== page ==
Any Answers: Ken Grant

Teachers I respect barely distinguish between photography and the rest of their lives. They stay close to their work and ideas, no matter how heavy the day. Students pick up on that energy. To lose that excitement is to lose everything.

The best students meet you head-on with their ideas and commitment. They are able to shape their own singular responses. They make pictures that speak with their own voice.

It’s important to help them become authors of their own work. Otherwise they run the risk of echoing or pastiching the prevailing styles of the day. Drawing out what they’re most concerned about can shape a way forward, but that means I have to listen and learn as well.

I share an office with Donovan Wylie and Paul Seawright. We’ve always helped each other. It isn’t uncommon to look at book dummies and realign pages with Donovan before the rest of the world has eaten breakfast. Paul is more interested in the gallery wall. He’s one of the most astute thinkers I know. He can distil the most uncertain conversation into the clearest approach. That energy can be so affirming for students.

We always talk to students as we talk to each other. We speak honestly and with candid directness. You figure out the best way to connect and enable those you’re supporting. Some teachers fall at that particular hurdle. It soon becomes a job like any other. That saddens me. To share a student’s hope for a piece of work needs humility and respect.

I’m careful not to neglect my own photography. Teaching a class and then working into the night isn’t uncommon. In fact, it’s a joy.

I was taught by Tom Wood. We’d go out on the bus to the football, working long days. He would rarely break stride and always seemed to teach by example. Martin Parr came later. He’d go through my proofs with a ‘yes’ or a ‘no’. But never ‘maybe’.

They both taught through the act of making work. Even now, they seem tireless. They’re both commanding in their own way – how they work and how they see the world will dominate a room. It would be easy to fall under that influence, but it’s important to find your own way.

I’m printing for a show in New Brighton with Tom and Martin. It’s the first time the work we each made in the town over several decades will be shown. I know we’ve photographed in the same places. I think those distinctions will be evident.

I photograph the same places repeatedly. I always imagined it would be easier to photograph somewhere I don’t know – an escape from all obligations. But I rarely felt the need for that. When you’re conscious of the rhythms of a place – the way it feels, the way it sounds and smells – it’s harder to make a picture that can reach that, but sometimes you get there.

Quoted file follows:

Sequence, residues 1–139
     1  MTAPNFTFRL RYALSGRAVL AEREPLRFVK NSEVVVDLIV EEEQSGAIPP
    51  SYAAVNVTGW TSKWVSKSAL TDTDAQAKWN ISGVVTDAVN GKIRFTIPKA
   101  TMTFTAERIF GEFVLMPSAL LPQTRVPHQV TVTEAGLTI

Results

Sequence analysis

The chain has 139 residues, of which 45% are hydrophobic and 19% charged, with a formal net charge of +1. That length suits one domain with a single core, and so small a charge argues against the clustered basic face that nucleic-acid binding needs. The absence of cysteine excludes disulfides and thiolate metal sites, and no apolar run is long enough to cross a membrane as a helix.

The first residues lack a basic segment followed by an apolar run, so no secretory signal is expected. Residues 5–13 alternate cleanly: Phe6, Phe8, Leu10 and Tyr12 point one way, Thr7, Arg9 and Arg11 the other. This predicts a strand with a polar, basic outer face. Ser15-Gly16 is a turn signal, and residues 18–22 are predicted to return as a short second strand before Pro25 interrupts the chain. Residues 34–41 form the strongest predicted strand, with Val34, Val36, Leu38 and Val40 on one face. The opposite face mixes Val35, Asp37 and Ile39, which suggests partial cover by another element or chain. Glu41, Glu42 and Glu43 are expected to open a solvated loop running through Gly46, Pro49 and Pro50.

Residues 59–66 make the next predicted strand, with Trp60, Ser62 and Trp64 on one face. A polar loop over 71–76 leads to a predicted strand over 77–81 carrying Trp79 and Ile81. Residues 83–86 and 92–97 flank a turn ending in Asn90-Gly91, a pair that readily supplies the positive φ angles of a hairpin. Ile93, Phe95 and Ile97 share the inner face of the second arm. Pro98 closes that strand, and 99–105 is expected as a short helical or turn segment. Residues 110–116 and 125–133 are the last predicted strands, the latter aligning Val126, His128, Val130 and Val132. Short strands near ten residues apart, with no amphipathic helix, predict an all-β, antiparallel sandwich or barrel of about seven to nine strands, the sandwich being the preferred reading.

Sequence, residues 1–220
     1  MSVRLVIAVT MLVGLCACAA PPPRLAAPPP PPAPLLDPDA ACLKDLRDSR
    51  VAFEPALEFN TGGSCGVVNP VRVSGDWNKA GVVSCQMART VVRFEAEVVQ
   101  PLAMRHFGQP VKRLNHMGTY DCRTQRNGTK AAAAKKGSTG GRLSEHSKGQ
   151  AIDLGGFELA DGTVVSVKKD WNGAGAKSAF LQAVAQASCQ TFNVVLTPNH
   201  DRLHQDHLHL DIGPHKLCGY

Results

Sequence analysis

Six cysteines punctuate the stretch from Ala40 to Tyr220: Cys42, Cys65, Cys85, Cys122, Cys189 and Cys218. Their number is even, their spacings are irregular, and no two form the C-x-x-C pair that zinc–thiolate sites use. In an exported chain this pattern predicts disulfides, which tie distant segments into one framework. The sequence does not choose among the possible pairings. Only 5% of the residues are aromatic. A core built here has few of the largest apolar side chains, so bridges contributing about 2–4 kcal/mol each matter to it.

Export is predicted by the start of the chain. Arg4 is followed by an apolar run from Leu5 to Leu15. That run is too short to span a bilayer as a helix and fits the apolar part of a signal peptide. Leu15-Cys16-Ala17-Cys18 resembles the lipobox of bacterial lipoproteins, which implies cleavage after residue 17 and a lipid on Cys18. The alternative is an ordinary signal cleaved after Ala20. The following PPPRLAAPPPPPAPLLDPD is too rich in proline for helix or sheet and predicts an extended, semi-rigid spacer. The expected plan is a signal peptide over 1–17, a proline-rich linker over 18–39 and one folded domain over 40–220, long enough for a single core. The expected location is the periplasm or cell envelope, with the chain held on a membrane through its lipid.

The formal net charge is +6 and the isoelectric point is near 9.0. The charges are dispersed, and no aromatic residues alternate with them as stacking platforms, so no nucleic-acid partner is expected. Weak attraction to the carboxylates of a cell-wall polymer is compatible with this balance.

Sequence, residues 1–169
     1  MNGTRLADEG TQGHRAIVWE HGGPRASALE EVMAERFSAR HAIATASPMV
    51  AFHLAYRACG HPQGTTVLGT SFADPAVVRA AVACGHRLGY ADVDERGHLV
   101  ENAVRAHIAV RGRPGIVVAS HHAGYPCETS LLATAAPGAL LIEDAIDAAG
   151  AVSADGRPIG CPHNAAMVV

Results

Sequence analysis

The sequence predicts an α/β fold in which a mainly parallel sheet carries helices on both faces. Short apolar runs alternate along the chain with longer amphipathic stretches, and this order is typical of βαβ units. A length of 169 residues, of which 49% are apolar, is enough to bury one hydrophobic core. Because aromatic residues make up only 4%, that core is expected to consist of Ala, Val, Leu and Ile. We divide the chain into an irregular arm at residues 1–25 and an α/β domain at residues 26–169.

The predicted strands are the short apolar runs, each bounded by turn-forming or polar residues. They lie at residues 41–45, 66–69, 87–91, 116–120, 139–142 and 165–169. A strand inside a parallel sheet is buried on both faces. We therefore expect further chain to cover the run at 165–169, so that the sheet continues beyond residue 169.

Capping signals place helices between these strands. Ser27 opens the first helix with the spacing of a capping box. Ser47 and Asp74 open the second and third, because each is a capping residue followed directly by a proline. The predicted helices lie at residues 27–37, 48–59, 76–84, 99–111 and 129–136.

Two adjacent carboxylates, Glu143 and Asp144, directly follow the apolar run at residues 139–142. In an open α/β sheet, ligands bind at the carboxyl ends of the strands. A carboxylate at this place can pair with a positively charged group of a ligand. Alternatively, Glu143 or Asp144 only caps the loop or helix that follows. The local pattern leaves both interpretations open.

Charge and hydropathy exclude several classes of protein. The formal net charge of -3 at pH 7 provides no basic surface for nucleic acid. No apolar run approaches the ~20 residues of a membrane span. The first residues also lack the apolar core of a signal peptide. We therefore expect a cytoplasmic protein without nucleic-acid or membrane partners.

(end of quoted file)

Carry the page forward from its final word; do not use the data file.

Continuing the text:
Early on, I worked with labourers and craftspeople in Liverpool and Birkenhead. Their working lives were unstable and sometimes erratic, but they were able in spite of it. It was a life of feast or famine, a little like photography.

You can learn a lot from listening to conversations around a workshop table. You start to understand so much about what’s urgent, about how a family ticks, about keeping on, about money, football, love. It must have influenced me to photograph close to home, to work over the threshold. I’ve spent most of my life trying to get that close in all I do.

I was influenced by Raymond Carver. His stories illuminated evolving tensions between people as they work out ways to be with each other and keep going. They were set in the kind of modest settings I recognised. It made me think a lot about narrative, metaphor and suggestion when I put pictures together and work out the possibilities they hold when next to each other.

If I could give my younger self some advice? I’d send myself Christer Strömholm’s rules for photography. “Be out of step with the times,” he said. “Learn to say no.” And, “Be a poet in your own country.” They are lessons I worked out myself, but he’d figured them out a lot earlier. Read BJP’s interview with Ken Grant, Tom Wood, and Martin Parr about New Brighton Revisited This article was first published in the August issue of BJP, which has a special focus on education

Tom Seymour

Tom Seymour is an Associate Editor at The Art Newspaper and an Associate Lecturer at London College of Communication. His words have been published in The Guardian, The Observer, The New York Times, Financial Times, Wallpaper* and The Telegraph. He has won Writer of the Year and Specialist Writer of the year on three separate occassions at the PPA Awards for his work with The Royal Photographic Society.